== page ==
I have noticed, based on your speech, Pericles, that you hold the same apathetic attitude in your military as you do in your private life. You speak in your speech about how Athenian soldiers are never defeated in their full force, and how this is something to be proud of. To hear you say it, it is impossible for the Athenian military to be destroyed, so high has your hubris brought you. I counter again with the famous Sicilian expedition. If I recall correctly, it was the Athenian navy and army that were annihilated by a superior force. Again, I recall the invasion of the Persians, when Athens burned empty after Leonidas stood and fought, and held the pass until his men were wiped out. And yet, even though you are defeated by Spartan forces time and again on land, you say “If then we choose to approach dangers in an easy frame of mind, not with constant practice in hardship, and to meet them with the courage which is born of character rather than compulsion, the result is that we do not have to suffer in advance the pain which we shall face later, and when we do face it we show ourselves just as courageous as those who have spent a lifetime of labour.”

So, you’re saying that Athens can never suffer a real defeat simply because you are superior by nature? That you do not need to train for war or seek self-betterment, but rather, when the time comes, all you must do is believe in yourselves and you will win? Courage may be a natural trait in some, but skill is not, and no amount of courage is going to keep your troops alive on the battlefield if they have no skill. We in Sparti, on the other hand, train hard all our lives for battle, not just in order to defend ourselves physically, but to build character. The way of the warrior is precisely this: to be fit in mind, body, and soul. Each complements the other, and none of them is better off without the other. This is why we train our whole lives. There is nothing courageous or virtuous about being lazy and neglecting training “in an easy frame of mind, not with constant practice or hardship.” This lack of discipline, much like I have said above about your decadence, makes one fat, weak, and timid.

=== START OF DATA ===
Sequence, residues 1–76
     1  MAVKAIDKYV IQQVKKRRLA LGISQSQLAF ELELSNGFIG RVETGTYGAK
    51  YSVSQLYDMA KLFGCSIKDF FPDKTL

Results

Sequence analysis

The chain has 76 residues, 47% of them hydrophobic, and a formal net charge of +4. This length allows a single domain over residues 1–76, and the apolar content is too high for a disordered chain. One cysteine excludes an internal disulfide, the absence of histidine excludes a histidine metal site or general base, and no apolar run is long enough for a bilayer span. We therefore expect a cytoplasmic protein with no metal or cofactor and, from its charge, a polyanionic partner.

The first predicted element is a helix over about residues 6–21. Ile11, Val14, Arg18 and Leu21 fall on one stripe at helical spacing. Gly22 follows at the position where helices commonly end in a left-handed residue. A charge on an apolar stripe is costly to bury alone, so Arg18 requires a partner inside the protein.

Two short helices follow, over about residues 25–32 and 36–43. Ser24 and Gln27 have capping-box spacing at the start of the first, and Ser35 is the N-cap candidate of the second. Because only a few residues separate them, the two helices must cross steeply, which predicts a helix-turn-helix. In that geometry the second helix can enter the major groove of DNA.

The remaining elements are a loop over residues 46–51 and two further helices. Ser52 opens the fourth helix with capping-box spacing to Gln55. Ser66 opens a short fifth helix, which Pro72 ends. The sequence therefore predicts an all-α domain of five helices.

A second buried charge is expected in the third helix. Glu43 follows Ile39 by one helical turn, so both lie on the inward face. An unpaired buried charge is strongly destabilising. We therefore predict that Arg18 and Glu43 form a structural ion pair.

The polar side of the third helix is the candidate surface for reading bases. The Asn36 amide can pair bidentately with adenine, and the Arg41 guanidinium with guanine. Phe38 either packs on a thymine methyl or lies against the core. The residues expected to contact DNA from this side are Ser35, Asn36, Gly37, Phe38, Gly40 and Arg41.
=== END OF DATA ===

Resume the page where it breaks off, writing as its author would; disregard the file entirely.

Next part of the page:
The final thing I wish to tear apart as with the teeth of a wolf is your statement of obvious Athenian hubris. You say that Athens is “an education to Greece.” Again, you say that “the subjects of her empire (have) no cause to complain of undeserving rulers.” I seem to recall that the reason we are in this present war was precisely because so many Athenian “allies” were rebelling because of cruel lordship, and they were being quashed. This leads to the righteous intervention of Sparti, of course. We choose not to keep a large empire, because we take joy in simplicity and we know that, in order for people to become great, they cannot be slaves. Yes, we have our Helots, but what are the Helots compared to the enslavement of the entirety of the Ionian Sea and the near coast of Asia? I see here nothing of benevolence toward them as you say, but rather a ravenous hunger for power, fed by the belief that Athens is inhabited by gods.

But why are you so stuck on yourselves, if you believe that every man should have equal say in government? Should this not apply to everyone in your empire and not just those within your walls? If you are truly an education to Greece, then why don’t you let your “allies” (whom you called subjects) rule themselves the same way you do? Why do you insist on throwing morality to the wind? Just because you are powerful, you think you are superior to the rest of the human race! Remember how we sent Xerxes running back to Susa with his tail between his legs so short a time ago? That is exactly what happens to those who assume this attitude about themselves. This is why Sparti is greatest. We do not puff ourselves up like you Athenians, but rather we know our own strength through using it, and we remember humility through obedience and respect. In Sparti, there is no room for big heads such as yours.